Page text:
and also to prevent new processes monopolising the queue with their low initial values.
The implementation of the `fair-share' algorithm
led to some discrepancies in its operation,
primarily brought about by compromises made
when interfacing the algorithm to the existing low-level scheduler:
The CPU usage of each process was charged by a statistical sampling method:
each `tick' of the clock would charge the whole `tick' to the current process.
Processes which ran synchronised to the clock (eg: by sleep system calls) could
avoid being charged, as also could processes which ran for very short periods.
The actual process priority used in the priority queue was very small
(an effective range of about 32).
The `real' process priority was kept in a larger number,
and normalised into the actual priority,
but even so,
the small number led to processes of users with small differences in share
having equal priority during periods between share scheduler processing.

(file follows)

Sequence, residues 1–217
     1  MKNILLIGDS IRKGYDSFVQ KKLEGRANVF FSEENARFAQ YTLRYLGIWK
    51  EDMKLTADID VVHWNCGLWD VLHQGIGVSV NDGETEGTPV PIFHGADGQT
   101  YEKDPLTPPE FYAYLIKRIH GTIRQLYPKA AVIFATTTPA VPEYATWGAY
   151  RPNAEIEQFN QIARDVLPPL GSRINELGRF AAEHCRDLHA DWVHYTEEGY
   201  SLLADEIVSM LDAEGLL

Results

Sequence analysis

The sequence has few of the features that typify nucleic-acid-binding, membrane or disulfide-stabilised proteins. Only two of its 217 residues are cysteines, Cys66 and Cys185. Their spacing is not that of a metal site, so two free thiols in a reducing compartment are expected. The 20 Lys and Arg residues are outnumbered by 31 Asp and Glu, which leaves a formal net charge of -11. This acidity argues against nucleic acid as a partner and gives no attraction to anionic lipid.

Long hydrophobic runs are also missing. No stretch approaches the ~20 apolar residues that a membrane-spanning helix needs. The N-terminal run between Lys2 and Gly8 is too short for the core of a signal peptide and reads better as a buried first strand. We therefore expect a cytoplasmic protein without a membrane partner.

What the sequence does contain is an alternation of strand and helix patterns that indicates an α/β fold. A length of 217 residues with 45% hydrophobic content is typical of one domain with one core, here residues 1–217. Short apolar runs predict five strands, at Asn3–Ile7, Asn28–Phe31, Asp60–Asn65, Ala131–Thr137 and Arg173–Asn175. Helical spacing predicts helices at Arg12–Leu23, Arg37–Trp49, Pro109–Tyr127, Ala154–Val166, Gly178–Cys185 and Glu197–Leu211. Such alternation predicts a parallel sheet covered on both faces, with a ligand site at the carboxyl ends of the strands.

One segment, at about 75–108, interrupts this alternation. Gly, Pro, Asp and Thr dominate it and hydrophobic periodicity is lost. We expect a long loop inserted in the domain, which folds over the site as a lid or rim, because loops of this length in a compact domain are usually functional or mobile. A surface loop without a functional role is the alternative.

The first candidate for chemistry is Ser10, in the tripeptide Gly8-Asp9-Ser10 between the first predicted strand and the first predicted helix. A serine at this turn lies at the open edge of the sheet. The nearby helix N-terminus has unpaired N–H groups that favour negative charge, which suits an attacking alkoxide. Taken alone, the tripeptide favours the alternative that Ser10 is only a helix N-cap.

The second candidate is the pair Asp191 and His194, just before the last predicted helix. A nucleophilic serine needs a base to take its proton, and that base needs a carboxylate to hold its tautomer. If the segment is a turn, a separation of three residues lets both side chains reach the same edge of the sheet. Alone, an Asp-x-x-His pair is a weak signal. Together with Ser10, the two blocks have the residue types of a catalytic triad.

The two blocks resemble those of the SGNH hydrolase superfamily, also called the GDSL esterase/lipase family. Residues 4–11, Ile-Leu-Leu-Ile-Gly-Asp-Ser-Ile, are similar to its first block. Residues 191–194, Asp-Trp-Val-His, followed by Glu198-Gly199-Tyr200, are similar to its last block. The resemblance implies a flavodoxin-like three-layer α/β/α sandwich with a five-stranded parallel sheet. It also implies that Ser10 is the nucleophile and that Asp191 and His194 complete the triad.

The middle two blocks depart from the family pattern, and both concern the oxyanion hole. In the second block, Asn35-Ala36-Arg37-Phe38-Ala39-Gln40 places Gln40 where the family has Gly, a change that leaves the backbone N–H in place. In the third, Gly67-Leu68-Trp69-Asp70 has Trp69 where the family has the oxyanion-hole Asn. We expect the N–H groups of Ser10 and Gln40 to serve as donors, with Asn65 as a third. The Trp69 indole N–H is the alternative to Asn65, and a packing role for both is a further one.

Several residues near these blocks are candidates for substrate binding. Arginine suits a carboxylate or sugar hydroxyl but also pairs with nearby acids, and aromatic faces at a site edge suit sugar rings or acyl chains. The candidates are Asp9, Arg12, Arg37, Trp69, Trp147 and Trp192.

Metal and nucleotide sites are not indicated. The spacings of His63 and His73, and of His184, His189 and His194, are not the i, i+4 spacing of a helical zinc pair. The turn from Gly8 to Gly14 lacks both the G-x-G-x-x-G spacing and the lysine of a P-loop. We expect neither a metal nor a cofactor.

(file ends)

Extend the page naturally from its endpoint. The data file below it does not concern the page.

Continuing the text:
Process priorities provide points on a linear scale,
with the effective share of a process represented both by its position on the priority queue,
and by how much it moves down the queue after being charged for resource usage.
Process priorities were decayed at a high rate,
much faster than the share `usage',
so that processes belonging to low share
users (with large numbers for priority)
were consequently decayed faster than high-share users,
thereby obtaining a greater share than allocated.
There was no easy way to count the number of `active' processes on the priority queue,
so a `rate' number was kept for each user which represented recent active process activity,
decayed over time.
This `rate' was also used in the group adjustment,
by biasing it depending on the recent share of the group,
in order to change the effective share.
Inter-process sharing was allowed by altering the process decay rate
depending on the `nice' value for each process,
and at the same time charging less for `nicer' processes.
The effects of this mechanism were difficult to predict,
especially the relationship between nice and charge,
which if too extreme would allow a suffiently `nice' process
to obtain a greater share of the machine than intended
(since the charge, and hence the usage of the user, would be incrementing slower).
Root got 100% of the machine whenever it wanted.
This required normal machine management practices to be modified in favour
of running any CPU-bound management tasks as some non-`root' user,
as otherwise `root's processes were capable of hogging the machine completely.